Rhea smiled and patted my arm. “Yes, dear.”

“Can I have some water at least?” I snapped. “Or is thirst part of my penance?”

“Of course you can have water,” she said with a patient smile. “Giguhl? Would you please get Sabina a glass of water?”

For the first time, I realized Giguhl had been sitting in a chair across the room this whole time. His arms were crossed, and his posture told me he was in full sulk about something. When Rhea asked him to get me water, he rolled his eyes and sighed. “Fine.”

“What’s wrong with him?” I asked.

Rhea shook her head. “We’ll discuss it later.”

While I waited for my surly demon to bring me a drink, I took stock of my surroundings. A familiar scent lingered in the air, but I couldn’t place it yet. We were in an office I didn’t recognize. A glass-and-steel desk sat about five yards away. I lay on a black leather couch next to a coffee table matching the desk.

Giguhl handed me the glass and trudged back to his chair without a word. I took a long drink, swishing the water in my mouth first to wash away the silver flakes.

“Where did the weres go?” I asked Rhea, since apparently Giguhl wasn’t speaking to anyone.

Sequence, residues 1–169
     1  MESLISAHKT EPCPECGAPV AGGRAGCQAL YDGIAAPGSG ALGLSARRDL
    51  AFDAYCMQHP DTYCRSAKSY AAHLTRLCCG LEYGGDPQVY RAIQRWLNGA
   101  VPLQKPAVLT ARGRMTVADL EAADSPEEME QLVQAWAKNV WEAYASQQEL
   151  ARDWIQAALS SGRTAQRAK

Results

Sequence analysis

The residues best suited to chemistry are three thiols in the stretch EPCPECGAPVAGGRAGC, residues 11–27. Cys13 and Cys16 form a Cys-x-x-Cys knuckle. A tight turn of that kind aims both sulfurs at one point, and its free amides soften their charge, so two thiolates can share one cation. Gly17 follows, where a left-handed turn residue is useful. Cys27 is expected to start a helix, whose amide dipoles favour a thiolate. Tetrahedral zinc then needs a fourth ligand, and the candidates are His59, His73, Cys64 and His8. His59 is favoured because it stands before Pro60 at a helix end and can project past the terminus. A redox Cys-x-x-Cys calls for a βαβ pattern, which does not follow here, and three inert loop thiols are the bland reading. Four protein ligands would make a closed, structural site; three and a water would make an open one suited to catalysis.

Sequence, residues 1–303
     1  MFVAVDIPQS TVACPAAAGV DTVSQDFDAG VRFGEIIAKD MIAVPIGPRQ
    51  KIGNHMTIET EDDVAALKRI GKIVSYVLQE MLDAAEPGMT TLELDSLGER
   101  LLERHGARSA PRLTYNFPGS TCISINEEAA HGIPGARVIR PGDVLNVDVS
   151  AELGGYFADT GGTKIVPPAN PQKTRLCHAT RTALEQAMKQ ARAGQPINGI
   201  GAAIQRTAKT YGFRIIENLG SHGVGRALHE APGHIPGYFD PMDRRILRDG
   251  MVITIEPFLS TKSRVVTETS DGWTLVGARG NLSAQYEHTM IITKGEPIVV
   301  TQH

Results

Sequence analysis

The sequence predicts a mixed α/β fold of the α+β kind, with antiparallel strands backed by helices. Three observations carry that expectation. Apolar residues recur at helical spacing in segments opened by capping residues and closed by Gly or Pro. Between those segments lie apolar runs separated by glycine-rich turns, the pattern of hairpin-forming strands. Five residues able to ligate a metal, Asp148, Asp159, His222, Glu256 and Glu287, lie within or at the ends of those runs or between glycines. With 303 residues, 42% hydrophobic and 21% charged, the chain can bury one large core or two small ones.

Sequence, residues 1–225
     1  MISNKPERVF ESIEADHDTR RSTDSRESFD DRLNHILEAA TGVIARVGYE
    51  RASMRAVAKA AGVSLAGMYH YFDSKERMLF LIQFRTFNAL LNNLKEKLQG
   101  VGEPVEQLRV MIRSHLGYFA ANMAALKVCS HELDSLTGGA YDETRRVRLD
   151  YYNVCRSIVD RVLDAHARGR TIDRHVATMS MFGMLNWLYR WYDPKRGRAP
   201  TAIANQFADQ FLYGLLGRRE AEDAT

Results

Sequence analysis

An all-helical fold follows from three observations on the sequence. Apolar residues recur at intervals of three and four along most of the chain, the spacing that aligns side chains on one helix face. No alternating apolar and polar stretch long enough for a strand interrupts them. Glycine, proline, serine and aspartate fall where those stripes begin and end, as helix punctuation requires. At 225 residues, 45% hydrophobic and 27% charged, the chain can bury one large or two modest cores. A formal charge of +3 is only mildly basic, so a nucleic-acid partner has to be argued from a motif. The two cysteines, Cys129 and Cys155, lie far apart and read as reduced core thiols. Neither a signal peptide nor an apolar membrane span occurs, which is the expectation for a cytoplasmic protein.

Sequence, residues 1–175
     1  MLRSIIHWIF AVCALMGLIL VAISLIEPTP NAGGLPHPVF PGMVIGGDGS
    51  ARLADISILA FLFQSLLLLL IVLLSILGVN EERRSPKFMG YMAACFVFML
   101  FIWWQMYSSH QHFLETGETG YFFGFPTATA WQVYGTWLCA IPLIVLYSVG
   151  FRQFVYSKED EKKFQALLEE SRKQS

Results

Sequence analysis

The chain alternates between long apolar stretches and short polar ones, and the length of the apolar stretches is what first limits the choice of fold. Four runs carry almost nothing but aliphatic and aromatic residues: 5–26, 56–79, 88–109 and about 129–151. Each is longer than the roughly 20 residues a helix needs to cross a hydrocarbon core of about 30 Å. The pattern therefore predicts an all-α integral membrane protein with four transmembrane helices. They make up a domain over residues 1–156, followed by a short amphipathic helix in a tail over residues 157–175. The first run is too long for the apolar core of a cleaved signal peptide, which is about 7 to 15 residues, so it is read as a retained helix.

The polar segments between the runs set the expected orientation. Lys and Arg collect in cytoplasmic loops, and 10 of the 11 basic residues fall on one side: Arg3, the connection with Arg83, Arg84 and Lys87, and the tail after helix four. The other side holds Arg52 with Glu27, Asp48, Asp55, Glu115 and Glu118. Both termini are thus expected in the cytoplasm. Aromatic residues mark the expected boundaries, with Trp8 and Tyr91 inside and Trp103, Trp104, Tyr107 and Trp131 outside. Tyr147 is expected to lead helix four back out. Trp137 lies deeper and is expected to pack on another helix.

“Rex took Romulus back to the pack. He’ll recover. Not sure he’ll be too happy with the outcome when he does, though.”

Mention of the outcome reminded me of the latecomer to the fight. That was where the familiar scent came from.

“Slade.” The word came out sounding like an expletive. As far as I was concerned, the name ranked right up there with ass**le. “Where is he?” I tried to sit up. The blood was helping a little with the pain, but I was still in a world of hurt.

Rhea, however, had other plans. “You need to rest.” She pushed me back gently. “He’ll be back soon. I take it you know him?”

I relaxed back into the cushions and nodded. My wounds might be healing, but I was shaky as hell. “He used to work for the Dominae in L.A.”

“An old friend, then?”

I narrowed my eyes. “More like frenemy.”

“In that case,” said Rhea, “I suppose asking you to be civil during our meeting is a waste of breath.”

“You could say that.”